"On Film Scoring" • Hookist
  • “On Film Scoring”

    Ernie Mannix is a music composer, producer, music supervisor, music editor and author. He has scored music for several feature films including: The Deli, Men Lie, The Cottonwood, How to Eat Fried Worms, and Love Comes to The Executioner. Television shows include:  Smallville, Kampung Boy, Eyes, One Tree Hill, Tony and Tina’s Wedding, and Supernatural.  
    His music has been recorded on the Phonogram and CAM labels. Ernie Mannix has received a B.F.A. degree from LIU Post majoring in music.  His further studies include orchestration at The Juilliard School.  Mannix won the “Golden Reel Award” for best Music Editing at the 49th annual Motion Picture Sound Editors Awards.  His first novel, “Six Devils In The San Fernando Valley” was recently published.

    How many times have you left a movie theater humming the movieʼs theme? Not many, I would guess. What has happened to great theme writing? Why can’t we hum themes like the ones from so many wonderful classic movies?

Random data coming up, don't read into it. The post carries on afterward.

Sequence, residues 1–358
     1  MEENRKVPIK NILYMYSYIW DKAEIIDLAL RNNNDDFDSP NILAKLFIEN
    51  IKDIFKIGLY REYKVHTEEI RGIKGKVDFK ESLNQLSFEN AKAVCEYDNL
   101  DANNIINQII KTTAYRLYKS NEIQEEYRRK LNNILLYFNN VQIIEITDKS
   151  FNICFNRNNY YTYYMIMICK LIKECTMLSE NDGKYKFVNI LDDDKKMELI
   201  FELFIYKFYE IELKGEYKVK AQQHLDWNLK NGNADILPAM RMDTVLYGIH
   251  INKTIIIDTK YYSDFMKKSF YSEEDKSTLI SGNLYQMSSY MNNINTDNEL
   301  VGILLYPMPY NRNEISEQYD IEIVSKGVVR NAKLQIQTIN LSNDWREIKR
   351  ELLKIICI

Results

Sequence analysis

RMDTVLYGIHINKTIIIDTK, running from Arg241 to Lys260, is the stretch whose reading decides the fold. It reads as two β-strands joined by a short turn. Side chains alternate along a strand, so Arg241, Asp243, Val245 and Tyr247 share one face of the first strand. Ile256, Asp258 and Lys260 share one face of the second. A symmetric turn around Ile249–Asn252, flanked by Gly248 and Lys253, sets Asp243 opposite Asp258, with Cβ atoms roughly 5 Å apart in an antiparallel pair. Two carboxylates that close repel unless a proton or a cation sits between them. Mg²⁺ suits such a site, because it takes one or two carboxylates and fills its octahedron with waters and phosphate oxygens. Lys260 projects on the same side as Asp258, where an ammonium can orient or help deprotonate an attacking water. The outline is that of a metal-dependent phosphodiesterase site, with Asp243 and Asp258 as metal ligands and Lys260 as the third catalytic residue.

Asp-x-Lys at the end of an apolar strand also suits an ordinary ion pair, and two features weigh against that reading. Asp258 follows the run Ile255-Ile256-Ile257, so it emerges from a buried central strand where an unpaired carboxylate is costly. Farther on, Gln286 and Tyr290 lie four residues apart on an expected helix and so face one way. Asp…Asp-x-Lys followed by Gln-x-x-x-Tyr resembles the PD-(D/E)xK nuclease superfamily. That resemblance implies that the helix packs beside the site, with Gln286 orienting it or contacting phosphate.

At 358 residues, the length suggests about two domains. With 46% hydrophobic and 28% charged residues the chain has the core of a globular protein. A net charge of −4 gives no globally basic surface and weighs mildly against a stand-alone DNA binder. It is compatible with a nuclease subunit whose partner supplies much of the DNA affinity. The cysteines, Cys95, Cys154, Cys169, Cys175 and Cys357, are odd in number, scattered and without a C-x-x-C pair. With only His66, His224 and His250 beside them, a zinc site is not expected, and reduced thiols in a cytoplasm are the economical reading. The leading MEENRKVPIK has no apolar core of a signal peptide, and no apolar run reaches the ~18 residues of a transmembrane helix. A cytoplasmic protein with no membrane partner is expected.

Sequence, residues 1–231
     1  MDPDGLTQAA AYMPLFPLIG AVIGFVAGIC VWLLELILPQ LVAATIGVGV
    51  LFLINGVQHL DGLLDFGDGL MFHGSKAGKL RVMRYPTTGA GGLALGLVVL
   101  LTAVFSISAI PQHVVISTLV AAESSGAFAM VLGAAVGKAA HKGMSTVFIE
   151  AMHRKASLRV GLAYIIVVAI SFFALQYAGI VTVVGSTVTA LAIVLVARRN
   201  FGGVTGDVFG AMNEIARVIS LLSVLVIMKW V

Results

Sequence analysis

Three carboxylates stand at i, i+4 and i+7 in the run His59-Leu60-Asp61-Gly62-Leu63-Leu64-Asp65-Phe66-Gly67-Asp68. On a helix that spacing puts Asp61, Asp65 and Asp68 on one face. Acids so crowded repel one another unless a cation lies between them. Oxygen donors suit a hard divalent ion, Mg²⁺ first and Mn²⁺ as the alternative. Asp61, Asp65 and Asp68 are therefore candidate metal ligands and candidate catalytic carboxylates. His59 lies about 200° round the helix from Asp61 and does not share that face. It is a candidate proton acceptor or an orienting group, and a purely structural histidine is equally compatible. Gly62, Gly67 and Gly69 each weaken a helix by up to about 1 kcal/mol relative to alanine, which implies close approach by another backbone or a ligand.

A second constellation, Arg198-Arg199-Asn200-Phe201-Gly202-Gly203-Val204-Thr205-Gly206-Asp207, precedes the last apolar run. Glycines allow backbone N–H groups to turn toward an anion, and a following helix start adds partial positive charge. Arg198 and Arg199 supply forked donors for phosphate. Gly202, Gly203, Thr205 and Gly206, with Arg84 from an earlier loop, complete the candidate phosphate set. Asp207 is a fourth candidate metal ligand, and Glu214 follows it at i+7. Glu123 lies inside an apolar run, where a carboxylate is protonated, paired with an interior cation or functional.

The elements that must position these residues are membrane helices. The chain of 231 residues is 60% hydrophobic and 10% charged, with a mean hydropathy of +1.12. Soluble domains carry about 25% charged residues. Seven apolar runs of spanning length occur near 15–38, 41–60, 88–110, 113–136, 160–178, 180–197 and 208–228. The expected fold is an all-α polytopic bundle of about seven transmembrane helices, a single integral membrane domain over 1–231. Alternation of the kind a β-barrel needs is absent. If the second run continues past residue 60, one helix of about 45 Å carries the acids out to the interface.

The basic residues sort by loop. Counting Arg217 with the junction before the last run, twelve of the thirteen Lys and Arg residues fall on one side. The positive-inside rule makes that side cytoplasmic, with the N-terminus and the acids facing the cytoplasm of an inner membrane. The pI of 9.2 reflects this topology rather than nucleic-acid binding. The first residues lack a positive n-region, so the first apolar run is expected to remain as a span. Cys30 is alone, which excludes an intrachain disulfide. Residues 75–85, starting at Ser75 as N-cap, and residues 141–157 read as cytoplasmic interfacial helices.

The great Henry Mancini once said:  “Play them the theme thirty times, because theyʼll only hear it twice.”

    Manciniʼs films repeat a main theme many times, sometimes almost constantly throughout the picture. Why? He certainly was talented enough to write an entire score of non-repetitive themes, but yet he chose to repeat them over and over. The answer is; the long lost art of scoring with thematic integrity. Itʼs a process where you the composer add a living musical character to the picture in the form of a main theme, a theme that is used to color the mood and flavor of the film.

    The Pink Panther – you can hum it.  Breakfast at Tiffanyʼs – you can hear Moon River right now, canʼt you? Mancini didnʼt do this to become famous (although that certainly was the outcome), he did it because it was right for the picture, and it worked amazingly well.